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Something Is Rotten in the State of Alabama

Alabama House Speaker Mike Hubbard is going on trial this week for corruption charges. He's just one of the state's many top government officials facing legal or ethics scandals.

Indicted Alabama Speaker
Alabama House Speaker Mike Hubbard, left, and wife Susan Hubbard before walking into the courthouse.
(AP/Brynn Anderson)
The long-awaited corruption trial of Alabama state House Speaker Mike Hubbard begins on Tuesday. Ironically, most of the two-dozen charges filed against him involve violations of ethics laws that Hubbard himself sponsored.

Hubbard denies all charges. But his trial comes at a time when there are ethics or legal questions surrounding top leaders of all three branches of Alabama's state government. 

Gov. Robert Bentley faces both federal and state investigations into whether he misused his office to reward friends and cover up a purported affair with a top aide. 

Roy Moore was suspended earlier this month from his post as chief justice of the state Supreme Court for violating judicial ethics. Despite the U.S. Supreme Court ruling last year that made same-sex marriage a universal right, Moore instructed probate judges that the Alabama court's decision barring such marriages was still in effect.

With so many high-profile leaders facing serious allegations, Alabama's political class is wondering what this might mean for the future of the state, said Bill Britt, who runs the Alabama Political Reporter, an online news site. 

"We look like a cesspool of corruption," Britt said. "Whether you're a Republican or a Democrat, it's easy to see the damage to our state on a national or even international basis."

Some people in Alabama are worried that one-party control has made the state more susceptible to scandal. Democrats ruled Alabama for more than a century before Republicans took control following the 2010 elections. 

"If this were a more robust two-party state, the drumbeat against Hubbard or Bentley would have been louder," said Zac McCrary, a Democratic consultant based in Montgomery.

Hubbard faces 23 counts of ethics violations, all alleging that he profited from relationships with people doing business with the state. He's accused of voting when he had a conflict of interest, taking illegal payments from lobbyists and lobbying executive branch agencies on behalf of business clients.

The House re-elected Hubbard as speaker last year, even though he was already under indictment. Hubbard's attorneys say that he had relied on guidance from the state Ethics Commission.

One of the accusations swirling around Bentley is that he fired the state's top law enforcement official for providing evidence in the Hubbard case. Last month, the House voted to authorize an investigation into Bentley's activities. But the resolution also raised the bar on the number of votes needed to move an impeachment effort forward. No hearing is expected until next month.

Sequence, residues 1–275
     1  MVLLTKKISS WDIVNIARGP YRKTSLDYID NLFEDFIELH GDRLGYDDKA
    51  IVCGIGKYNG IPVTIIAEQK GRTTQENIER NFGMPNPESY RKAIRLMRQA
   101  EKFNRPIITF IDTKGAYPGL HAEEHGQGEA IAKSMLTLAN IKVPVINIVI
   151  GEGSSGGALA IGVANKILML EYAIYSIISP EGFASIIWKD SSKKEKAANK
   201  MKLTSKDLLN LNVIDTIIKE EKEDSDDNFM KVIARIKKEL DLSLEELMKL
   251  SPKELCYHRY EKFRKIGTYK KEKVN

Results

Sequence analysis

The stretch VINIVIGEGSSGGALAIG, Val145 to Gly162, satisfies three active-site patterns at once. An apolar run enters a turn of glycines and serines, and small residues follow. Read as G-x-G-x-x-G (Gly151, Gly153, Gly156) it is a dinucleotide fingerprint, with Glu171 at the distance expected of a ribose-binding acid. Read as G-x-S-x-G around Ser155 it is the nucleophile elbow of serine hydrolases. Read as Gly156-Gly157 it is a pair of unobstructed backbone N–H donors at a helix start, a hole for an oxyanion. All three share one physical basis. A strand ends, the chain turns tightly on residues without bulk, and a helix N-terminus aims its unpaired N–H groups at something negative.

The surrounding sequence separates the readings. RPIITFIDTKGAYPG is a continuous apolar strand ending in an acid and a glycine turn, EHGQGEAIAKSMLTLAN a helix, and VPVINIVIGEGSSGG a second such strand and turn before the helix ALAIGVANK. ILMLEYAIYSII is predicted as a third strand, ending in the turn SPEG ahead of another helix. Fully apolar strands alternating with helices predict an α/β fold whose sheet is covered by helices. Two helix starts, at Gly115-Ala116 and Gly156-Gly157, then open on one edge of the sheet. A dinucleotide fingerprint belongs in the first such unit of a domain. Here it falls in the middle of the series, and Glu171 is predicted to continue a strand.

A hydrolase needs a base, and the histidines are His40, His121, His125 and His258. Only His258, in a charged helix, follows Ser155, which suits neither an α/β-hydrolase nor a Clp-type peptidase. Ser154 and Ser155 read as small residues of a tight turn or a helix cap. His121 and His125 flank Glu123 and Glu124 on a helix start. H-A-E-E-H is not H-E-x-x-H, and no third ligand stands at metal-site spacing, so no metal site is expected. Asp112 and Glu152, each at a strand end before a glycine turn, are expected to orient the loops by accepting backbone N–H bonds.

"The salaciousness of the Bentley saga distracts from more damning accusations of hiring and firing and misuse of public funds," said McCrary.

Barring any further revelations, however, most observers believe that Bentley will manage to hold on until his term ends, more than two years from now.

"There's a sense that he's going to limp to the finish line," said Bob Davis, editorial page editor of The Anniston Star. "A finish line that's a long ways off."

Meanwhile, Moore faces a trial in the Court of the Judiciary. He could be removed from office, much like he was back in 2003 when he refused a federal court's order to remove a Ten Commandments monument from the state judicial building. He was re-elected as chief justice in 2012.

On Saturday, conservative groups and other supporters held a rally at the state judicial building, calling for Moore's reinstatement. 

"Chief Justice Moore has a tremendous amount of support in rural Alabama," said Britt. "People are outraged that he may be impeached."

With the outcome uncertain in each case, it's not yet clear how they'll affect the different branches. Davis argues that multiple investigations involving top political actors exacerbates public cynicism about government.

"We're sort of like the dog that's been beaten and chained so much that we all go, 'Gosh, here we go again,'" he said. "We've become perhaps numb to it all."

As with all things political, thoughts have already turned to how things will play out in the next election. Hubbard's lawyers have alleged that even though state Attorney General Luther Strange removed himself from the case, he was interested in seeing Hubbard hamstrung as a potential rival to replace Bentley.

"This has hastened the attention being paid to the 2018 elections," said McCrary, "gaming out the impact that these scandals could have on once and perhaps future gubernatorial aspirants like Mike Hubbard and Roy Moore."

Alan Greenblatt is a senior staff writer for Governing. He can be found on Twitter at @AlanGreenblatt.
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